SUMMARIZE: MR. KNOW ALL (Somerset Maugham) This story was happened in the Ocean-going liners from San Francisco to Yokohama for fourteen days. It was difficult to get accommodation, so the narrator had to share a cabin with a total stranger, but he expected him to be one of his own country men. Instead, he was deeply shocked to realize it was a chatty Levantine – Mr. Max Kelada. The narrator was prepared to dislike Mr. Kelada even before he saw him. When he went on board, he saw Mr. Kelada’s luggages and the toilet things that had already unpacked below.
The man’s name and the sight of his things aroused a strong repulsion in him since he was prejudiced against all non-Britons, feeling superior to them. The irony of the story lies in the fact that the list of Mr. Kelada’s “negative” traits presented in the beginning of the story shows an orderly, neat and tidy gentleman, such as: a sturdy build, clean-shaven and dark-skinned, with a fleshy, hooked nose and vey large, lustrous and liquid eyes, sleek and curly long black hair. When the narrator met Mr. Kelada, his hatred got even stronger. He abhorred the cultural differences between Kelada and himself.
He both detested and despised Mr. Kelada’s gestures. Therefore, the description of Kelada’s character is negative and biased. Mr. Kelada was a good mixer and ran everything. He organized some games as: sweeps, auctions, fancy dress ball, etc… Mr. Kelada was a person that seemed to know everything and was involved in everything, not sensing that he was disliked by everybody. He was very chatty and talked as if he head beer superior to everyone else. The passengers mocked him and call him Mr. Know-All even to his face. Beside that, there was a dogmatic person on this liner – Mr.Order now
Ramsay, who was a American Consular Service and was stationed in Kobe. He – the man with loose fat under a tight skin; was on his way back to resume his post after picking up his pretty little wife, who had been spending alone in New York for a whole year. She looked very modest and adorable with her simple clothes, which achieved an effect of quiet distinction. One evening, the conversation drifted to the subject of pearls. As Mrs. Ramsay was wearing a pretty chain of pearl, Mr. Kelada announced that it certainly was a genuine one which had probably cost many thousand of dollars.
And he was ready to bet a hundred dollar on it. On the other hand, Mr. Ramsay was cocksure that his wife had bought it for eighteen dollars in a department store. When Mr. Know-All took out a magnifying glass, a smile of triumph spread on his face, but he caught a desperate appeal in Mrs. Ramsay’s eyes. Then he was making over himself by all his effort and gave Mr. Ramsay a hundred dollars. Since Mr. Kelada did’nt want to destroy Mrs. Ramsay’s marriage, he ruined his reputation instead he told everybody that he was wrong and that string was an excellent imitation. The story spread over the ship and everybody mocked Mr.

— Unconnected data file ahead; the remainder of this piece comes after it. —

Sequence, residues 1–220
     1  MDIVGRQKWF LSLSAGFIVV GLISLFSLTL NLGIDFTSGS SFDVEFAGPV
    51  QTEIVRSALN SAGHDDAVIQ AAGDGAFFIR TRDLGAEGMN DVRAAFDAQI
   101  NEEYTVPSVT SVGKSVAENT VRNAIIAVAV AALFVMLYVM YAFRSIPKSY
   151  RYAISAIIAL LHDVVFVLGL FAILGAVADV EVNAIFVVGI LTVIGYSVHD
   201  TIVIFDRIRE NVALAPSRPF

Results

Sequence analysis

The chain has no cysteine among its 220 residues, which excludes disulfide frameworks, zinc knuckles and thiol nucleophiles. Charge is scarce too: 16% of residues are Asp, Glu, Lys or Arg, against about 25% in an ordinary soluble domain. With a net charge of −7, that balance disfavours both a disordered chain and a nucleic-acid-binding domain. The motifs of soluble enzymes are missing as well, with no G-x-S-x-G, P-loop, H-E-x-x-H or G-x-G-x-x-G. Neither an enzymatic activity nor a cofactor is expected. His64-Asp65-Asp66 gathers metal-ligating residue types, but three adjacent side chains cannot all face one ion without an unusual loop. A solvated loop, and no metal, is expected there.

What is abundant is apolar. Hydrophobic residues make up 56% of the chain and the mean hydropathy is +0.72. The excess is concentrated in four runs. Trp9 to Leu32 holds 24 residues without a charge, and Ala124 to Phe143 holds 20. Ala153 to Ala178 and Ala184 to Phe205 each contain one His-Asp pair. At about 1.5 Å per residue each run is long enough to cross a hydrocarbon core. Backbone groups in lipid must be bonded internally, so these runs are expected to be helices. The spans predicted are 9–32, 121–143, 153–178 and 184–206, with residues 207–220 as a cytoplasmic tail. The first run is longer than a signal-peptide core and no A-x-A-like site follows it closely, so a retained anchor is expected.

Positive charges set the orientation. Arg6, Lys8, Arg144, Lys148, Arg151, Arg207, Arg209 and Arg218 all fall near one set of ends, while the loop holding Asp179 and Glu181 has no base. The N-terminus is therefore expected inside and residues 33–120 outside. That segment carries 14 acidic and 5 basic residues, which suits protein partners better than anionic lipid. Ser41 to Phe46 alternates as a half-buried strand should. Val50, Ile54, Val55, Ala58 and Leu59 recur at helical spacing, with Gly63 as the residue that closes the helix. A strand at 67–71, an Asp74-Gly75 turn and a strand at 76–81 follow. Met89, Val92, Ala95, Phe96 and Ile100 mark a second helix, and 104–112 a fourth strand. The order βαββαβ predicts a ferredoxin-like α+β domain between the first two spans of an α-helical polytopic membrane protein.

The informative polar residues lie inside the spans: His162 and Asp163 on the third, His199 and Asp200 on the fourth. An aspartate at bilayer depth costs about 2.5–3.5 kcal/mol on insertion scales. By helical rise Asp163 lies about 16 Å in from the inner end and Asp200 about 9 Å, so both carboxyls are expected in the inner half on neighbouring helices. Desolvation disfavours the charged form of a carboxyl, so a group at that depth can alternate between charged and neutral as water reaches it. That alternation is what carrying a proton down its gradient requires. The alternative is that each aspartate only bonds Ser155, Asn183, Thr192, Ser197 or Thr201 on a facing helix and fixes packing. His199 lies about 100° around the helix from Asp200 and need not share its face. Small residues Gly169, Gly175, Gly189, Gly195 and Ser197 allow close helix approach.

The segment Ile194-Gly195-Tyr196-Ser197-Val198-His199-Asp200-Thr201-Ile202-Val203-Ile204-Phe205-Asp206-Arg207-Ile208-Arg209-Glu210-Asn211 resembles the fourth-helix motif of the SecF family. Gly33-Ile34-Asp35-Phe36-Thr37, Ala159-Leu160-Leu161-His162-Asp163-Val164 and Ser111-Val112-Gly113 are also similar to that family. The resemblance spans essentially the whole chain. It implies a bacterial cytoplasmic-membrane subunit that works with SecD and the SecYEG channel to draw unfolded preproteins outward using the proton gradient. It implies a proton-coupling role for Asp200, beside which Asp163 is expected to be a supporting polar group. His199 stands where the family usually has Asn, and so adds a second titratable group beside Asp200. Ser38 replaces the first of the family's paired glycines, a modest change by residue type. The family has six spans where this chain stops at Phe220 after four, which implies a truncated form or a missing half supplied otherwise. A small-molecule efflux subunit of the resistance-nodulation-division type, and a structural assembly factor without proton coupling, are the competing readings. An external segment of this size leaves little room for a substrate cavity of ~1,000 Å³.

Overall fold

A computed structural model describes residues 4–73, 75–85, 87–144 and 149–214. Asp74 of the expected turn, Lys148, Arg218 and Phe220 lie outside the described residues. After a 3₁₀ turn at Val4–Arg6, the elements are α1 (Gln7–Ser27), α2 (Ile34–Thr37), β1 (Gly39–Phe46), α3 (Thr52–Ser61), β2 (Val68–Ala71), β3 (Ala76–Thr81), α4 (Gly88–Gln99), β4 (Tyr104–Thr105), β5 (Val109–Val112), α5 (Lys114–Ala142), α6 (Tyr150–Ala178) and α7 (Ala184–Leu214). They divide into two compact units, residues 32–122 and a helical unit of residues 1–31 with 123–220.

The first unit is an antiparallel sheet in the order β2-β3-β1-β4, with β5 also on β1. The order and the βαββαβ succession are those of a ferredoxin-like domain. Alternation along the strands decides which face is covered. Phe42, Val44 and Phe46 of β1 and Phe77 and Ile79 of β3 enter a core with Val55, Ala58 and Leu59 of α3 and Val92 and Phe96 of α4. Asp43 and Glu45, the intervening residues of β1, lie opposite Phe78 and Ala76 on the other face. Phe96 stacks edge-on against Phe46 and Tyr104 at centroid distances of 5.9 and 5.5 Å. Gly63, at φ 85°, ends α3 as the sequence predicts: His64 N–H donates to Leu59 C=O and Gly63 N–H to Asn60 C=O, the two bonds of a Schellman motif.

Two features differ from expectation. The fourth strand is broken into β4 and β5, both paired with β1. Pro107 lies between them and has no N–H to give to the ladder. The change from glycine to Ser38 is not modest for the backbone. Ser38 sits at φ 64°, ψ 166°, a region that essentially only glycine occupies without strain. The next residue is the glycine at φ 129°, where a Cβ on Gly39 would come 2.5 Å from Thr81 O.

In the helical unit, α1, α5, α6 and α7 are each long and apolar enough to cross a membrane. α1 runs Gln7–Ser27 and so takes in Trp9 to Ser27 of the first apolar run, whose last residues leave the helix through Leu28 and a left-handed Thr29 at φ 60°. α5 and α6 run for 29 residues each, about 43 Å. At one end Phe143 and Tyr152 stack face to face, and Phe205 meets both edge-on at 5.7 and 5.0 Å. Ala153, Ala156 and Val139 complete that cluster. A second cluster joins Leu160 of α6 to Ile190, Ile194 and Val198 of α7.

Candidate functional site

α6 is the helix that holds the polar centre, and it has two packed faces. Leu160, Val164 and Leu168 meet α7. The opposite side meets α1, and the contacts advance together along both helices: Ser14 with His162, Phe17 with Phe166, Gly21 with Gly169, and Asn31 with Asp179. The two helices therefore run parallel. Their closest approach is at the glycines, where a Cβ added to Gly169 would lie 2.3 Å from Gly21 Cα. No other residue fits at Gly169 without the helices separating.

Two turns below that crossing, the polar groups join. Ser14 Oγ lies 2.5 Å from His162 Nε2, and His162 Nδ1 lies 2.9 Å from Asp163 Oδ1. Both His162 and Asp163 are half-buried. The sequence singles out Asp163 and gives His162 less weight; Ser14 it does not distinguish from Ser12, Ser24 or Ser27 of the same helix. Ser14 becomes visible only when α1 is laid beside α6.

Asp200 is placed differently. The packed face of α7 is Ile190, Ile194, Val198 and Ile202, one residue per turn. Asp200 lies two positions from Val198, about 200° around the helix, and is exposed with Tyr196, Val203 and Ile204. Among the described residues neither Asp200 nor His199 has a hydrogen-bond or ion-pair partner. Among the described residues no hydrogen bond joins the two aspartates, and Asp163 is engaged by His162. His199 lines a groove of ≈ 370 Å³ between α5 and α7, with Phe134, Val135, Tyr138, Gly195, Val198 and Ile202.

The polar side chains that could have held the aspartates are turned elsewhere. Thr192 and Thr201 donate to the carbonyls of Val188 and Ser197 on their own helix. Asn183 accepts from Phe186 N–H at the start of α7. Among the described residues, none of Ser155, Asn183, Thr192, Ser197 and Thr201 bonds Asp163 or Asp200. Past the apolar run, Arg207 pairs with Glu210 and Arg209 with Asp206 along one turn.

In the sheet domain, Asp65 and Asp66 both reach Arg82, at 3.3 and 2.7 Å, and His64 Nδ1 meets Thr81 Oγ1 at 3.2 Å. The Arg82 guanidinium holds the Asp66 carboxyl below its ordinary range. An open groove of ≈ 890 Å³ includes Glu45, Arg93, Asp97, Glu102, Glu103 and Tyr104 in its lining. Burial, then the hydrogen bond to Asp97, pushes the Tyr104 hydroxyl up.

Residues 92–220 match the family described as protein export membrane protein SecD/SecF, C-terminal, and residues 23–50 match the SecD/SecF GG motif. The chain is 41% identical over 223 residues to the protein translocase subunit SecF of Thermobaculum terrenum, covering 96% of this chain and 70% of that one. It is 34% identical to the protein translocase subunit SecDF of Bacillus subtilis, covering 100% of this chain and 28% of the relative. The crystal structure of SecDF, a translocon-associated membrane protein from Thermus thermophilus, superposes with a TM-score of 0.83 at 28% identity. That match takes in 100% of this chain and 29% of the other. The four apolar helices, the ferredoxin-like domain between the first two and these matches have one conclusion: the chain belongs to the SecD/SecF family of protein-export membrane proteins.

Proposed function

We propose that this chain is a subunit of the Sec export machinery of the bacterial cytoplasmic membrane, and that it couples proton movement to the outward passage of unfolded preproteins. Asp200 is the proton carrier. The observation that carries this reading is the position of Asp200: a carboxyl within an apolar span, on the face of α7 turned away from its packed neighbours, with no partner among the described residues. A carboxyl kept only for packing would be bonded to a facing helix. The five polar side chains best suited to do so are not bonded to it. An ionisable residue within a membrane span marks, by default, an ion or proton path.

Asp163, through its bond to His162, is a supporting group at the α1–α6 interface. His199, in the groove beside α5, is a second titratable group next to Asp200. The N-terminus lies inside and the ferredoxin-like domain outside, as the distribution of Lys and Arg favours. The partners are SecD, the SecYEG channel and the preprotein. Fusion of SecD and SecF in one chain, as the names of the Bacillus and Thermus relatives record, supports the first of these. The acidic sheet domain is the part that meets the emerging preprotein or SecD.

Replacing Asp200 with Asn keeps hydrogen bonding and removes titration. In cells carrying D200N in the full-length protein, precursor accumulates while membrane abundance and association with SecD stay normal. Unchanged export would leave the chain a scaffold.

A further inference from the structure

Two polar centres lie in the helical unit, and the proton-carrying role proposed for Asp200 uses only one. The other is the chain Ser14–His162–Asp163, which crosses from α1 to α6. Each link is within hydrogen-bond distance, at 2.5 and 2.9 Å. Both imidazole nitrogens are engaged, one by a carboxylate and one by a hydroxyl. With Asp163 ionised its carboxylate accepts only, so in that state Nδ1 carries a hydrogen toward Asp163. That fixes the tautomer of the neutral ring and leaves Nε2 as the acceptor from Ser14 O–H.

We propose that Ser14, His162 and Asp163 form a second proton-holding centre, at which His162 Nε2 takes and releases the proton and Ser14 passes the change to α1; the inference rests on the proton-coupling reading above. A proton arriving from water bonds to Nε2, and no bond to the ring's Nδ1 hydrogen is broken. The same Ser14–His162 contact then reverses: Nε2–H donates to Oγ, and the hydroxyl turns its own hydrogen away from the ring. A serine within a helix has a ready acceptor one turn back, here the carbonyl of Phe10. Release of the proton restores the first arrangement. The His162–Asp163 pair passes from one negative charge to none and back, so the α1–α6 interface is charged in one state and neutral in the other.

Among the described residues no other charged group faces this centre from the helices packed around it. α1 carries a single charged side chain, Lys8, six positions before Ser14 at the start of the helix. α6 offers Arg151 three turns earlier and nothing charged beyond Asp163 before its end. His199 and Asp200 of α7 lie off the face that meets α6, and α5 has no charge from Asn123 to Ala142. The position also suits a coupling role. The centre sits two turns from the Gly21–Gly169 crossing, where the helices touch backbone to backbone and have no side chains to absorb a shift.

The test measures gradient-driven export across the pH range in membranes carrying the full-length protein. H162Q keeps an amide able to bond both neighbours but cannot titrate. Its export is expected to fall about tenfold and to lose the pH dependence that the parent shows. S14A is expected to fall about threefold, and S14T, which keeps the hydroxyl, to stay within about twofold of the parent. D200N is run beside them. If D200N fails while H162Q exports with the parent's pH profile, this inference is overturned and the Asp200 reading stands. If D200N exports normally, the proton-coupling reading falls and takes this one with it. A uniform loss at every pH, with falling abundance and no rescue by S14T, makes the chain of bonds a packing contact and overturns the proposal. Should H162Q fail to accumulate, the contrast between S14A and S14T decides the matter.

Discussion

Kelada. Next morning, while the narrator and Mr. Know-All were in their cabin, an envelope pushed under the door after a small scraping. It contained a hundred dollar bill from Mrs. Ramsay. at the moment the narrator did not entirely dislike Mr. Kelada. The moral of the story is that we must no jude a book by its cover. Rather than judging a person by his looks, color or origin we should observe his behavior and reactions in difficult situation. Often in our self indulged lives we don’t take a moment to step back and look deeply at the true characters of the people around us.
Instead we are happier with making our unsupported judgments on people and continuing to go about our own concerns. Mr. W. Somerset Maugham wrote a story called, Mr. Know-All, that shows us how we too often tend to act judgmental towards others, but later when we pause and take a closer look, we may find that they are truly greater in character than we are. The story starts with the narrator already expressing his dislike for the character, Mr. Max Kelada. He hasn’t even met the man before and he has already chosen to disassociate him. “ I was prepared to dislike Max Kelada before I knew him. … When I went on board I found that Mr.
Kelada’s luggage was already below. I did not like the look of it; there were too many labels on the suitcase, and the wardrobe trunk was too big. ” (Pg. 303-304) Here we can defiantly see a dislike for Mr. Kelada, before he even has a chance to show who he is, he isn’t liked. He hasn’t even received the chance to say one word of greeting or small talk, yet he is looked down upon as a piece of gum stuck to the bottom of a shoe because of his luggage. When the narrator finally meets Mr. Kelada he is set on the fact that he does not like him. He searches for the smallest reason not to like him and decides that Mr.
Kelada isn’t formal enough with the way he addresses him. “I do not like to put on airs, but I cannot help felling that it is seemly in a total strange to put mister before my name when he addresses me. Mr. Kelada, doubtless to set me at my ease used no such formality. I did not like Mr. Kelada. ” (Pg. 305) I could understand someone’s irritation if they were a doctor, or a General, or something of importance with not being labeled right; but to be upset because someone is talking friendly to you is being just plain rude. After a few days the narrator is sure that he does not like Mr. Kelada,…